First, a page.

House Democrats passed a bill Tuesday night designed to prevent President Trump from declaring a national emergency as the basis to fund wall construction on the southern border.
The legislation passed the Democrat-controlled House of Representatives by a vote of 245-182, short of a veto-proof majority. The lack of a two-thirds majority means the bill can be vetoed by President Trump, who has threatened to do just that to ensure the means to declare a national emergency remain available.
Thirteen Republicans joined with Democrats in seeking to restrict the declaration of a national emergency. They included:
Justin Amash, Michigan
Brian Fitzpatrick, Pennsylvania
Mike Gallagher, Wisconsin
Jaime Herrera Beutler, Washington
Will Hurd, Texas
Dusty Johnson, South Dakota
Thomas Massie, Kentucky
Cathy McMorris Rodgers, Washington
Francis Rooney, Florida
Jim Sensenbrenner, Wisconsin
Elise Stefanik, New York
Fred Upton, Michigan
Greg Walden, Oregon
Some of the Republicans taking the side of the Democrats on border security are known for opposition to immigration enforcement and connections to big business interests that favor a free flow of low-paid cheap migrant labor. Others have an objection to the procedural basis of a border wall national emergency, seeing the power to appropriate funds on the matter as being exclusive to Congress, despite precedent for emergency declarations being used to take federal actions similar to wall construction.
Despite seeming to endorse a national emergency wall declaration when passing a government funding package that precluded funding for the project, Senate Majority Leader Mitch McConnell seems to be getting cold feet about the possibility of the declaration. However, President Donald Trump has yet to rule out the utilization of emergency presidential powers to finally fund the wall that American people were promised as a result of his election to the office of the Presidency.
Ilhan Omar’s Grandfather Was a Government Official in One of Africa’s Worst Dictatorships
Talk about ‘systematic oppression.’
As Minnesota Congresswoman Ilhan Omar accuses American civilization of being a “system of oppression,” it appears that the progressive Democrat has provided little to no public information on her own grandfather’s activities and public duties as a government official in one of Africa’s worst dictatorships.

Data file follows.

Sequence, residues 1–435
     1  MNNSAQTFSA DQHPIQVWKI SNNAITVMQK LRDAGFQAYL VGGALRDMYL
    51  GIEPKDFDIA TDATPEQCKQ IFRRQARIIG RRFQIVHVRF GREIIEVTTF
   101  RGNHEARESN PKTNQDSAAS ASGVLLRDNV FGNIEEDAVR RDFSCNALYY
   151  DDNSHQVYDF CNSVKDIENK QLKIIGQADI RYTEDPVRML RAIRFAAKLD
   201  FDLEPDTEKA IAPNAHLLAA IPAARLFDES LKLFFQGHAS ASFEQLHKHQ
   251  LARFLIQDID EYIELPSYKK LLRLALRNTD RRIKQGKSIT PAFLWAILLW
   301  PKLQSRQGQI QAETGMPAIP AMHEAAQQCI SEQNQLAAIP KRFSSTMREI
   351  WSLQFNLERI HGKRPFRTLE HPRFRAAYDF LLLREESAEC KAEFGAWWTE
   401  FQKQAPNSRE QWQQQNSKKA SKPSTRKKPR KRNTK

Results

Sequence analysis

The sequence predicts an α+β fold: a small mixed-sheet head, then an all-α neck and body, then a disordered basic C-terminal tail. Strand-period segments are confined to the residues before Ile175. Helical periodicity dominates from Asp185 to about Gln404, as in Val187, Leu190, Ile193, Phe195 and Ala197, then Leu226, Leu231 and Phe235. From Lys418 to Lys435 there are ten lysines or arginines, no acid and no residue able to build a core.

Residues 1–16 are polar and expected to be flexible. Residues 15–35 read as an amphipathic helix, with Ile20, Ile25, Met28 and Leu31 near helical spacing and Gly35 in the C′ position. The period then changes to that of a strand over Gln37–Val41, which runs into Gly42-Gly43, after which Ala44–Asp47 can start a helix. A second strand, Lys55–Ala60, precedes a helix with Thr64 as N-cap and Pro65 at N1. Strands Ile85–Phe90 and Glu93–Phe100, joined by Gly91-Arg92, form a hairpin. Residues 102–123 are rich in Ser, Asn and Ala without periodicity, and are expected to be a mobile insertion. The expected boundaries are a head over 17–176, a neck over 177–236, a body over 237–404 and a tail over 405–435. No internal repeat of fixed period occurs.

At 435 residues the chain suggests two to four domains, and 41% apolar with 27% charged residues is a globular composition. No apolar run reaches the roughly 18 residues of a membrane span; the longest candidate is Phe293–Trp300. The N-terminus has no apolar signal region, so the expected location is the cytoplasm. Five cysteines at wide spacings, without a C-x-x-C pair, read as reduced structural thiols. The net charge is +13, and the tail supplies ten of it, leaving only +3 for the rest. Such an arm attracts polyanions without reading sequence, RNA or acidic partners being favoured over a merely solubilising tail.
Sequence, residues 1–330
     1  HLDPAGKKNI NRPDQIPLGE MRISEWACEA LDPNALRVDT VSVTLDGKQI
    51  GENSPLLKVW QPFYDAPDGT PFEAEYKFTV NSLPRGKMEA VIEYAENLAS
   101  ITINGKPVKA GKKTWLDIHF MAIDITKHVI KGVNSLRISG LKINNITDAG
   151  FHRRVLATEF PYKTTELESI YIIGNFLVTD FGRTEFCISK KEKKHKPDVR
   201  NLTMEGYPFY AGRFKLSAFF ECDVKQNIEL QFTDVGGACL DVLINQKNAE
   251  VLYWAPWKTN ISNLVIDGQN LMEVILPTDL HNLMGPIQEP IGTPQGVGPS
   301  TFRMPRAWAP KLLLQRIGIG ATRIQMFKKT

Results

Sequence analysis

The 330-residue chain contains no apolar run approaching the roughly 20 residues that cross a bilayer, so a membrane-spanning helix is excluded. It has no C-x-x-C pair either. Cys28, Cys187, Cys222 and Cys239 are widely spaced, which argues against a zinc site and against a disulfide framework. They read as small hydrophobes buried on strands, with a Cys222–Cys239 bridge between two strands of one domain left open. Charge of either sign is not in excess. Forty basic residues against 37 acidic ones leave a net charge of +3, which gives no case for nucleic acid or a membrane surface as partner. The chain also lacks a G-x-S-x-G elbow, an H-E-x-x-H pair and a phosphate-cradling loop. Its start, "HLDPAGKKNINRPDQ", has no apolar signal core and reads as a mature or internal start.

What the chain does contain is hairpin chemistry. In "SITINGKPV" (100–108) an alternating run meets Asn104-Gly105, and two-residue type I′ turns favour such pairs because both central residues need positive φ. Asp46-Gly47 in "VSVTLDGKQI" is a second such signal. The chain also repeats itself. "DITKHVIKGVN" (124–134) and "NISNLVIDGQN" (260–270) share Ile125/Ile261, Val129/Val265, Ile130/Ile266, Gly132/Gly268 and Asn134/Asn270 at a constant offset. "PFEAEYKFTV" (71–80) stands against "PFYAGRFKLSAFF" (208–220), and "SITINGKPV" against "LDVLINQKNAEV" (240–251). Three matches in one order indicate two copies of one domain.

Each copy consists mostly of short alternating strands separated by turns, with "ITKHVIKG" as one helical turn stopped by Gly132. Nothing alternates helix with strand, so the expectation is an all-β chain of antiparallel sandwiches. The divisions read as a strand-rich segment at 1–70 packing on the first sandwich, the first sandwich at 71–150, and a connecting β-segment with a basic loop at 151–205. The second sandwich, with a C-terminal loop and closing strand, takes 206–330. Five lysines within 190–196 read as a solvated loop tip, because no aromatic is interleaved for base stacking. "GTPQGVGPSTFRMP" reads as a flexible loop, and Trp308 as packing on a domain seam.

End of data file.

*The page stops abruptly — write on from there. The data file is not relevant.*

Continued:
Omar has described her grandfather, Abukar Omar, as the Director of the National Marine Transport in Somalia in the 1980’s and possibly earlier, serving in the government of then-President Siad Barre. Barre, who took power in 1969, originally governed the country as a Marxist-Leninist before switching his Cold War allegiances to the United States in the late 70’s.
Barre’s government is known as a prolific human rights abuser, persecuting the nation’s Isaaq tribe in a series of government sponsored killings that scholars have referred to as a “forgotten genocide.” Estimates of the civilian casualties of the Isaaq genocide range from 50,000 to 200,000 people.
Omar, who was a child at the time, has also described her family leaving Somalia in 1991, the very year that President Barre was overthrown from power in a revolution that continues to have a destabilizing effect on the East African nation to this day.
It’s of some public interest that a more thorough explanation of Akubar Omar’s duties as an official serving under Siad Barre be provided, especially considering the former Barre official was granted refugee status in the United States sometime after Barre was overthrown in Somalia’s 1991 Civil War.
Omar has described her family as understanding that they were “no longer welcome” in the country as a result of the civil war, a development that may very well have come as a result of her grandfather’s work as a nominally high-ranking government official under the Barre regime. Rep. Omar recounted an incident in which what seems to have been a family compound was placed under siege by rebels who vandalized the property in a 2016 profile with the Minneapolis City Pages.
Omar biographies also suggest that some of her aunts and uncles also worked as civil servants under Barre’s government.
An inquiry into Abukar Omar’s official duties as the Director of the National Marine Transport under Barre’s regime was sent to Omar’s press office, and the Congresswoman has yet to respond as of Wednesday night.
Ilhan Omar was also one of the few Democratic members of Congress to decline to formally vote to recognize the Armenian Genocide conducted by the Ottoman Empire after World War I, claiming the United States should be focusing on the legacy of slavery and persecution of Native Americans instead.
Certainly, one cannot be held to account for actions that their extended relatives engage in when they’re a child; but it’s quite rich that Omar has declined to account for her own grandfather’s seeming participation in a very real and historically documented “system of oppression” in any publicly known remarks on the family connection, while castigating American civilization for its supposed injustices.
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